• Protecting our local parks, green spaces and canopy cover. There seems to be an attitude at the Town that as our local parks are tasty and underutilised Town assets ripe to be filled with infrastructure at every opportunity. Local parks do not need to be theme parks to satisfy admin K.P.I.s. Parks can just be parks and enjoyed as such by locals for whom they are designed to serve.


  • Planning without truly appreciating the impacts of traffic and parking and underestimating development potentials to avoid existing inconvenient truths is a big issue. These established areas of the Town need more (not less) planning rigour when considering growth to 2050.


  1. What local knowledge and skills do you have that might best equip you to deal with these challenges 

I believe two traits equip me to deal with the tasks ahead.

Firstly I am very local. I am a second generation resident of both Floreat and City Beach and spent my youth growing up here. I returned to City Beach with my wife 17 years ago – after living in a variety of places – to raise our family.

My three children all attended the local primary schools, did nippers at City of Perth. We live, recreate and shop here and all share a very strong connection with the local community and the local area.

I also have other family in the Town (including Mt Claremont which is too often forgotten) so I think I know what makes the place tick and I want to protect those qualities that make it a very special place to live.

Secondly I am a professional town planner with 35 years experience including seven in government. I am presently a co owner and director of my own Town Planning Practice based in Subiaco and we deal day to day with the types of planning matters which so often challenge local government and private landowners alike.

I know that together with mutual respect, sound working relationships must be based on a principled approach to forward planning. Solutions to planning concerns and mutually agreed strategies can always be found where participants are prepared listen and occasionally think laterally. I believe I can help separate out good decision making from poor decision making which will be crucial if the culture of the Town is to be repaired.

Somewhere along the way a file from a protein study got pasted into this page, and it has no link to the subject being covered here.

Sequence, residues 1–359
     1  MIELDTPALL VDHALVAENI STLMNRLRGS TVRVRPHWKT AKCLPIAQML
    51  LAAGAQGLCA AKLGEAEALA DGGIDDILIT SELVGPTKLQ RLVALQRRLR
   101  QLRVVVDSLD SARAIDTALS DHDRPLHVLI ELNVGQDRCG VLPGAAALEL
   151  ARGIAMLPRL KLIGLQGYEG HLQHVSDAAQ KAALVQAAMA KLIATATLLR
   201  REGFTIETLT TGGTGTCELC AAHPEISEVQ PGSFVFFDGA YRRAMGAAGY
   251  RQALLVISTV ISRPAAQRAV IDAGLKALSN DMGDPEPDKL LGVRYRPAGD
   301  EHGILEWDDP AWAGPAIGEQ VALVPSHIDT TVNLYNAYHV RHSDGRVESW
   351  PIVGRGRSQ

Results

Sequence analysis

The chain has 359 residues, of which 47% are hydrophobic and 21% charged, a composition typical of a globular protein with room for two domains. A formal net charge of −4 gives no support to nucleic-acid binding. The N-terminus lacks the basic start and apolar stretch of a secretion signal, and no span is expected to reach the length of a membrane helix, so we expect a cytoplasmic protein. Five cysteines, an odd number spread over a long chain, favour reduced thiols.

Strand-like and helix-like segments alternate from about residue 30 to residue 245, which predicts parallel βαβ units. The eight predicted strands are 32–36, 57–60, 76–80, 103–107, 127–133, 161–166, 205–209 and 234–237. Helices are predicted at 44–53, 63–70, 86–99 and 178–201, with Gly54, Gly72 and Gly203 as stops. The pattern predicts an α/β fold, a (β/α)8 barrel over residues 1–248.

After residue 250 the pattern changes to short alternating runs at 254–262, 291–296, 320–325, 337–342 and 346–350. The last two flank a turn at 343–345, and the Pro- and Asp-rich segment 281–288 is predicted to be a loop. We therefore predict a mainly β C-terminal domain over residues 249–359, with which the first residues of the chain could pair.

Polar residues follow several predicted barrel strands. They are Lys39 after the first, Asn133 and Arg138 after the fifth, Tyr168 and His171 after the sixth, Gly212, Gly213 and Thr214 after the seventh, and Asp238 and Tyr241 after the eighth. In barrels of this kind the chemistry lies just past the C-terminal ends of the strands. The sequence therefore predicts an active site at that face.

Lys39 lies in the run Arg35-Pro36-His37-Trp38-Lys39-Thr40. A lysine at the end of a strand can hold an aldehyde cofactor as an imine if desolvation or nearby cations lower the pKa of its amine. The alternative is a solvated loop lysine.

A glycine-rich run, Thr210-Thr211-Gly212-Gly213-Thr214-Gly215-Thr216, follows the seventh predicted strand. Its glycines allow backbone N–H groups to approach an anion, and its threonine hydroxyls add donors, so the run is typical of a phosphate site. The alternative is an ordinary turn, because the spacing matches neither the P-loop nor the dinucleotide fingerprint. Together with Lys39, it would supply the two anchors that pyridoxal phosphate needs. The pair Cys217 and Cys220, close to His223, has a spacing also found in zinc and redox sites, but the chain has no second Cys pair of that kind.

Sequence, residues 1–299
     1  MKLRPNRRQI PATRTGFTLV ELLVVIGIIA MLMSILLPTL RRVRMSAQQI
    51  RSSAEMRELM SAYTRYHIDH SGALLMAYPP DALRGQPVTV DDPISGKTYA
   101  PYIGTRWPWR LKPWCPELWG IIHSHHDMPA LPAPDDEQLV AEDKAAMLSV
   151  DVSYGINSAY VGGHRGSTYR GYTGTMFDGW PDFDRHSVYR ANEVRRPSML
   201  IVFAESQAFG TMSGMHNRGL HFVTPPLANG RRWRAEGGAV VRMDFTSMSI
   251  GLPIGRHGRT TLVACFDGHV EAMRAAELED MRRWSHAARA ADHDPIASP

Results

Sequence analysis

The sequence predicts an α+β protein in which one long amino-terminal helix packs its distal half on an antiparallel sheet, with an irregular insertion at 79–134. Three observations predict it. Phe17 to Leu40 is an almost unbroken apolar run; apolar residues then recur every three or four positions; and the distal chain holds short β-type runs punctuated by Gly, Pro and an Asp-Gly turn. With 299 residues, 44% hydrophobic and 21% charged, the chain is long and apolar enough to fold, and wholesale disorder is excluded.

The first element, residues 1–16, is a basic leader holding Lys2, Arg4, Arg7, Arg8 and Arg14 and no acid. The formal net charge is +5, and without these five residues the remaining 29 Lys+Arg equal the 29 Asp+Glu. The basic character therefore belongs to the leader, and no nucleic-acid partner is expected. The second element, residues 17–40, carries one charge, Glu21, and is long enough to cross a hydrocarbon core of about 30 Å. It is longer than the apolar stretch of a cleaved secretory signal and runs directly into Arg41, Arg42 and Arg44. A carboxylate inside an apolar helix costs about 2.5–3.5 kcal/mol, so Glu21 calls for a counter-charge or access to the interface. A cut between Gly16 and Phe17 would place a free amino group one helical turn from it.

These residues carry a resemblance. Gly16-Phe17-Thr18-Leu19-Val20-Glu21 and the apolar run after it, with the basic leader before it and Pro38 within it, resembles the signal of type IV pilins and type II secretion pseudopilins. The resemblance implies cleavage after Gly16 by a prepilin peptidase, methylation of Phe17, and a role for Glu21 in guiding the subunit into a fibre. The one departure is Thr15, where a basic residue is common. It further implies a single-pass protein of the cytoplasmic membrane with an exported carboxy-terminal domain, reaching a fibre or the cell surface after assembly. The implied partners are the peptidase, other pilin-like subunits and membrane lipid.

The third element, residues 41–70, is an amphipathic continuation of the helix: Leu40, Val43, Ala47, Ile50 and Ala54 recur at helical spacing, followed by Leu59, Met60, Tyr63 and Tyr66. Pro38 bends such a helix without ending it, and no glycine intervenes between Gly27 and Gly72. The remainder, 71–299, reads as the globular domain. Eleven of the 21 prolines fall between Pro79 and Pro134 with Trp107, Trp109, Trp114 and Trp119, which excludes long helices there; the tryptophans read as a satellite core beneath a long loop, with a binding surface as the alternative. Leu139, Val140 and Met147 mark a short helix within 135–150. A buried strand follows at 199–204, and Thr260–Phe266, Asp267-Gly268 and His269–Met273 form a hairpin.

My Practice took the decision back in June to cease all further private planning work within the Town. This was a sacrifice I was happy to make to seek election and as part of my efforts to contribute my skills and knowledge more objectively to the Town. My firm presently acts for many Clients outside of the Town in a range of different planning capacities and it is these skills and knowledge I hope I can utilise to the future benefit of the Town.

This combination places me in good stead to add real value to the Town over the next 4 years.



Written and authorised by Ian Everett,  23 Pandora Drive, City Beach, WA, 6015

Kate McKerracher: Candidate for Coast Ward

Kate McKerracher was interviewed at the CWRA sundowner over the weekend. We’ve reproduced her responses for you below and urge you to vote for Kate McKerracher and Ian Everett at the upcoming elections.

1.What was it that motivated you to nominate as a candidate for the Coast Ward at this election?

A long time ago when I started practice as a lawyer, a Partner who was encouraging me to work in that area said ”Forget Federal Government and State Government that’s really just about taxes, Local Government has the power to affect how you live your life every day”. I realised he was right when Amendment 31 came along.

My husband and I were at a council meeting and saw two residents asking questions about amendment 31. They were being treated with such disdain by the then Mayor that it sent alarm bells ringing. We worked out what amendment 31 was about, contacted those two residents to talk about it and then contacted a number of friends in our community to discuss what it was about and what it meant for us. Save our City Beach our Floreat was born and started around my dining room table with people coming together from all professional backgrounds who didn’t know each other.

The manner in which A31 was pursued, the fact our Coast Ward Councillor, Pauline O’Connor repeatedly voted to take steps to try to uphold scheme amendment 31 in the Courts when such a clear mandate didn’t want it – meant I lost faith and respect for my local government. As a lawyer I also had concerns about transparency and governance.

I don’t want to see that happen again.

We may have killed off A31 but it can still be reincarnated in the Local Planning Strategy. I have been concerned by some existing Councillors comments that this is what they intend to do as they are still married to the ideas of A31.